DS: Yes, but a text adventure is not the same. You could play Gone Home exactly the same way in writing, but not how it gives you the feeling of being at home, the change of tone that takes place when the lights are turned on ... those things need technology. So, the ease of creating videogames now allows even the smallest studios to create very ambitious things. The progress of this new type of experimental games is due to the change of sensibilities as well as to what now can be done: perhaps in the PlayStation era someone would like to make a Pyre, but since you were a 'minor' studio you would not have the way to do it or the way to distribute it. Now the Unreal Engine is free, you have GameMaker Studio, you have Steam ... you can do a lot more, you can go crazy.
YG: There is also the subject of political subjectivity. Your repairs to Watch Dogs 2 are understandable in a medium like Kill Screen or yourself, but to a critical alt-righter all that would seem the most ...
DS: I believe in subjective criticism ...
YG: Even though that subjectivity totally contradicts your opinions?
DS: There we enter into a thorny issue. For example, I can understand the vision of someone who is anarcho-capitalist. We can be friends, get along, whatever you want. But before a negationist uncle of the Holocaust, anti-vaccines or terraplanista, well I'm going to ignore him: we do not have to give those people a voice. To the terraplanistas, maybe yes: Mundo Desconocido is my favorite channel in the universe. But certain people do not have to give voice. This is being talked about now with the case of Steve Bannon and the New Yorker, or with Milo Yiannopoulos, for example. There are levels. There is a difference between being conservative and being part of the alt-right, and there are people whose ideas do not deserve to be heard because they lead to nothing, only to take steps back, to segregation and to invent conspiracies that only lead to discord. I support subjectivity one hundred percent. Blessed is subjectivity and that there are always subjective analyzes. But there are limits to everything.
YG: Besides being a videogame critic, you are a film and anime critic. Do not you find it curious that the narrative relationships between cinema and videogames are shrinking? Do you see it as positive, or negative?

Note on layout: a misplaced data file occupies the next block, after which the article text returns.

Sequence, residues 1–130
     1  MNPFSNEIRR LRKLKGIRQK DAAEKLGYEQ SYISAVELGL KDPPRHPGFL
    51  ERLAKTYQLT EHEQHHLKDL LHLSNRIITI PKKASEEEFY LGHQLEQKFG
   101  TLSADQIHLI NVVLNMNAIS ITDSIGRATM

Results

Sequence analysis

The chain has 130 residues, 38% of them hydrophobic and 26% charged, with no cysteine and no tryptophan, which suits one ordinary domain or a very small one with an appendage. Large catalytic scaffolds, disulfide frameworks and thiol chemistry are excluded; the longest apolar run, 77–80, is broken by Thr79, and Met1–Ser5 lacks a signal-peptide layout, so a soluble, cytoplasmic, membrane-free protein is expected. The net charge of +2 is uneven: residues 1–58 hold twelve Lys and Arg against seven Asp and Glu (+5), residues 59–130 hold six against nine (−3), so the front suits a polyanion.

DS: At the beginning I was very against the cinematics because I understood it as a break: stealing a language that does not belong to you and not exploring your own. But over time I've noticed that, sometimes, a kinematics comes in handy. In the background, all the arts learn from all the arts: in the cinema there is text (look at Wes Anderson, for example), there is music in the theater ... all the arts intersect. The relationship with the cinema is a tool: if you are going to make cinematics, that they are good and that they are appropriate. One game that helped me change my mind was The Last of Us, because it only takes away control when the characters start talking and need to express themselves outside your limits. But whenever something happens in which your decisions can make a difference, it will give you that control. The opposite is like when in the cinema one chooses to count instead of showing: to go against the laws of your own narrative. Even so, the cinematographic resources can be used for something, and we see that in how some games handle the idea of the plane-sequence
For example, in Shadow of the Colossus the camera function is very important, that is to take Wander and Aggro to the lower corner, letting the stage be the protagonist ... Everything is a tool, from the gameplay to the graphics. The important thing is to give good uses.
YG: And there we come to the book you've written about David Cage. What has your work to interest you to the point of dedicating an essay?